Expressivism and the Metaphysics of Consciousness
David Bourget (Western Ontario)
David Chalmers (ANU, NYU)
Rafael De Clercq
Jack Alan Reynolds
Learn more about PhilPapers
An expressivist theory of consciousness is outlined. The suggestion that attributions of consciousness involve an essentially projective element is carefully examined, as is the view that ‘zombism’, defined as the thought that certain people are unconscious although physically normal, is a largely affective and not wholly cognitive (hypothetical) disorder. A comparison is drawn between ‘zombism’ and the Capgras delusion. The notion of supervenience is shown to be deeply problematic when applied to projected properties, as is the distinction between weak and strong varieties. It is concluded that, contrary to most received opinion, consciousness and values are not all that different as far as these modal considerations are concerned.
|Keywords||expressivism consciousness zombie Capgras delusion modality supervenience|
|Categories||categorize this paper)|
Setup an account with your affiliations in order to access resources via your University's proxy server
Configure custom proxy (use this if your affiliation does not provide a proxy)
|Through your library||
References found in this work BETA
No references found.
Citations of this work BETA
No citations found.
Similar books and articles
Harold W. Noonan (1999). Microphysical Supervenience and Consciousness. Mind 108 (432):755-9.
Marga Reimer (2009). Is the Impostor Hypothesis Really so Preposterous? Understanding the Capgras Experience. Philosophical Psychology 22 (6):669 – 686.
John McCarthy (1995). Todd Moody's Zombies. Journal of Consciousness Studies 2 (4):345-347.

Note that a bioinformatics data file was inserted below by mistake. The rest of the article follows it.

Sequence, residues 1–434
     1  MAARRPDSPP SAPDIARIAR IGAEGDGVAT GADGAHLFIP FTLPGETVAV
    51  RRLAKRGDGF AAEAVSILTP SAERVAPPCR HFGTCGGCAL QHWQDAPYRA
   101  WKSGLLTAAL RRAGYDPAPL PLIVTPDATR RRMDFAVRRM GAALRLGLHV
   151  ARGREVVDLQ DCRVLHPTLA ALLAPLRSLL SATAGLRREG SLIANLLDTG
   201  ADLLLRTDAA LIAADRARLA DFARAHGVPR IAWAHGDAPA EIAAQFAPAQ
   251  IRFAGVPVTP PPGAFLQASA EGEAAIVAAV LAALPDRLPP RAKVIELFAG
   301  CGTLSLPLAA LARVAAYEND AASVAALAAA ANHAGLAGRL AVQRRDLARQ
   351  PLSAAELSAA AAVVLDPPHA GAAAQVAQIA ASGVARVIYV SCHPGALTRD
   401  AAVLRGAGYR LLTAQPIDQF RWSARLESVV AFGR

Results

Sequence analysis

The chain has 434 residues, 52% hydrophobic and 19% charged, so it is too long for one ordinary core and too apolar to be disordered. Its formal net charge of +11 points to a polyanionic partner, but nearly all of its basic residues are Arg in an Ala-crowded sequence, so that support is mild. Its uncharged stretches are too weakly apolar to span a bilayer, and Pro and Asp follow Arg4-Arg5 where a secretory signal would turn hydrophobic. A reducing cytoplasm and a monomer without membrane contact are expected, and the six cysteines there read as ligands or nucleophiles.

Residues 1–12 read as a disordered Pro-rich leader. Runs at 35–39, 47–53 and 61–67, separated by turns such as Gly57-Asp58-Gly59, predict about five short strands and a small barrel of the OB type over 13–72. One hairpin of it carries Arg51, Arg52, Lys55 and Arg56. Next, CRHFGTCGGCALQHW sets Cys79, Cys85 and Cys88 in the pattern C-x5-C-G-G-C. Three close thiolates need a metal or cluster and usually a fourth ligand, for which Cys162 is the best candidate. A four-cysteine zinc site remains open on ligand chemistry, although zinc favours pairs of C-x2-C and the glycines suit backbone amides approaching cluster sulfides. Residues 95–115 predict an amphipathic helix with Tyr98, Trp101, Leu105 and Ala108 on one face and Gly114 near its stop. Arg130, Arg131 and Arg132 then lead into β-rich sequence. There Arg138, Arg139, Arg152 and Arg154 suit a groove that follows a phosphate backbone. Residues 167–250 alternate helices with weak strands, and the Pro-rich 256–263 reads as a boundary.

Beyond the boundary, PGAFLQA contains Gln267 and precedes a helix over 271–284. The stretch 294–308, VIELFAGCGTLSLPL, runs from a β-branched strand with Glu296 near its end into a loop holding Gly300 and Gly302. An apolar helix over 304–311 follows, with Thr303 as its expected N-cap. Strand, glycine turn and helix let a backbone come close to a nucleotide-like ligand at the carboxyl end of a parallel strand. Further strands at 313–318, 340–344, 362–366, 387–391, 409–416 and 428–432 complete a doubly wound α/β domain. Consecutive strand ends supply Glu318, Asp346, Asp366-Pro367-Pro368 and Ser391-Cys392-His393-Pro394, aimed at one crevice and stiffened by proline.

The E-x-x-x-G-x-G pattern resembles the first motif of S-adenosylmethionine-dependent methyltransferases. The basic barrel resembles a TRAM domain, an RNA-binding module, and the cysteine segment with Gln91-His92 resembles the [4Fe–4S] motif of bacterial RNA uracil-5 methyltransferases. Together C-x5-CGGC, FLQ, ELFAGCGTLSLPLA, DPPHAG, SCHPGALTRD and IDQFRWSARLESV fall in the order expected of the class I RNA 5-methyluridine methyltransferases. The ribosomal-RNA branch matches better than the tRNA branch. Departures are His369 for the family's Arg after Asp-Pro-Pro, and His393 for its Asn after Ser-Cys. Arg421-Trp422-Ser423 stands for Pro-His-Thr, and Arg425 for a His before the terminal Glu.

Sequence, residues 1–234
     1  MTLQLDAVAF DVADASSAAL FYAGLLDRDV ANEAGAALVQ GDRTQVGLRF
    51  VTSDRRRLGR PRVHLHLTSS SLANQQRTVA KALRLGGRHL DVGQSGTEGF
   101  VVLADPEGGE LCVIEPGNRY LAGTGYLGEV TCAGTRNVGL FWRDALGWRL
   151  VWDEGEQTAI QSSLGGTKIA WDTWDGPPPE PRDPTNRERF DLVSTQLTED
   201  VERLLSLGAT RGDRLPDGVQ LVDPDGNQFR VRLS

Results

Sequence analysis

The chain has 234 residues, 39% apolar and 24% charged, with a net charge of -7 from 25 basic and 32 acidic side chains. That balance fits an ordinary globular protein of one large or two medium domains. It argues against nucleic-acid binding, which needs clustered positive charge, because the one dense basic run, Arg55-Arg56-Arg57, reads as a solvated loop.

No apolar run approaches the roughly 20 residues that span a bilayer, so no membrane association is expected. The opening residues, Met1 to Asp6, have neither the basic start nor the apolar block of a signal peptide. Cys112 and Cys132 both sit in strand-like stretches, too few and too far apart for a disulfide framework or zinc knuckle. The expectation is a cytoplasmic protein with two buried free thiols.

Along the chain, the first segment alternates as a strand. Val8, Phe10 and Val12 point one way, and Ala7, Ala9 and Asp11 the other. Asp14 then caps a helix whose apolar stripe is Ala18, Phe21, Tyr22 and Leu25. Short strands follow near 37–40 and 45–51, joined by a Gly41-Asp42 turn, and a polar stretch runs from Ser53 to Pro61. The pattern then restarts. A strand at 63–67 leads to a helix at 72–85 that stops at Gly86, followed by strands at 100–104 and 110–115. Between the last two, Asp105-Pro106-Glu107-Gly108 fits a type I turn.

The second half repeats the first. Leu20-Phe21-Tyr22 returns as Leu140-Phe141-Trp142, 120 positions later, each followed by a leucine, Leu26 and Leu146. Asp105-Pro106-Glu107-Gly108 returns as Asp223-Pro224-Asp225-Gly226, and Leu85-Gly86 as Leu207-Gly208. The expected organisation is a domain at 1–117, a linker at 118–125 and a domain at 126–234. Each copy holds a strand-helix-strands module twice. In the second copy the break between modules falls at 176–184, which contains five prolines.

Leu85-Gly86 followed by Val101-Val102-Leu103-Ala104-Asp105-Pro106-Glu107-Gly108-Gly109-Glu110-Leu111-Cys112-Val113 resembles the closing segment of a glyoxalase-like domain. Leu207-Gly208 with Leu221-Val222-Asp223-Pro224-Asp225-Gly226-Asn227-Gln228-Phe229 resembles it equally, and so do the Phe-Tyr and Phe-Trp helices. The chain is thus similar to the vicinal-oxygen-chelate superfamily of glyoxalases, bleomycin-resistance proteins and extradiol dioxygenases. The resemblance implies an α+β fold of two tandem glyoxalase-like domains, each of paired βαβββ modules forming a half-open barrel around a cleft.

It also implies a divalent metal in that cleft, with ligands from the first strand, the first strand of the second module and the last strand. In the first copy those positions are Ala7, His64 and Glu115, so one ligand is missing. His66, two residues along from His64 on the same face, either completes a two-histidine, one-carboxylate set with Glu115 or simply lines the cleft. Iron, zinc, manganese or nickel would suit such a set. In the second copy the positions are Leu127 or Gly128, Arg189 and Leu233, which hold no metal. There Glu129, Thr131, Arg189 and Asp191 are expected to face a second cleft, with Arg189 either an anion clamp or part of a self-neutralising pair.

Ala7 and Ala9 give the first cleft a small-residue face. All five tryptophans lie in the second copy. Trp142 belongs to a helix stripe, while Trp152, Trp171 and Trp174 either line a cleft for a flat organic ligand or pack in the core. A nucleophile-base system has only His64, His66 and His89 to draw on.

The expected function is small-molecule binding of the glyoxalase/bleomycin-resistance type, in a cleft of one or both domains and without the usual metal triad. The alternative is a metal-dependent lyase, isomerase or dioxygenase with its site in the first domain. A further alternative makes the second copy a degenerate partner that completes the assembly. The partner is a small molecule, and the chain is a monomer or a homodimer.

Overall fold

Uriah Kriegel (2004). Consciousness and Self-Consciousness. The Monist 87 (2):182-205.
Andy Egan (2008). Imagination, Delusion, and Self-Deception. In Tim Bayne & Jordi Fernandez (eds.), Delusion and Self-Deception: Affective and Motivational Influences on Belief Formation (Macquarie Monographs in Cognitive Science). Psychology Press.
Garry Young (2008). Restating the Role of Phenomenal Experience in the Formation and Maintenance of the Capgras Delusion. Phenomenology and the Cognitive Sciences 7 (2):177-189.
Matthew Ratcliffe (2008). The Phenomenological Role of Affect in the Capgras Delusion. Continental Philosophy Review 41 (2):195-216.
Owen J. Flanagan & Thomas W. Polger (1995). Zombies and the Function of Consciousness. Journal of Consciousness Studies 2 (4):313-21.
G. YounG (2008). Capgras Delusion: An Interactionist Model. Consciousness and Cognition 17 (3):863-876.
Tim Bayne & Elisabeth Pacherie (2004). Bottom-Up or Top-Down: Campbell's Rationalist Account of Monothematic Delusions. Philosophy, Psychiatry, and Psychology 11 (1):1-11.
Added to index2009-09-16
Total downloads43 ( #55,187 of 1,696,514 )
Recent downloads (6 months)0
How can I increase my downloads?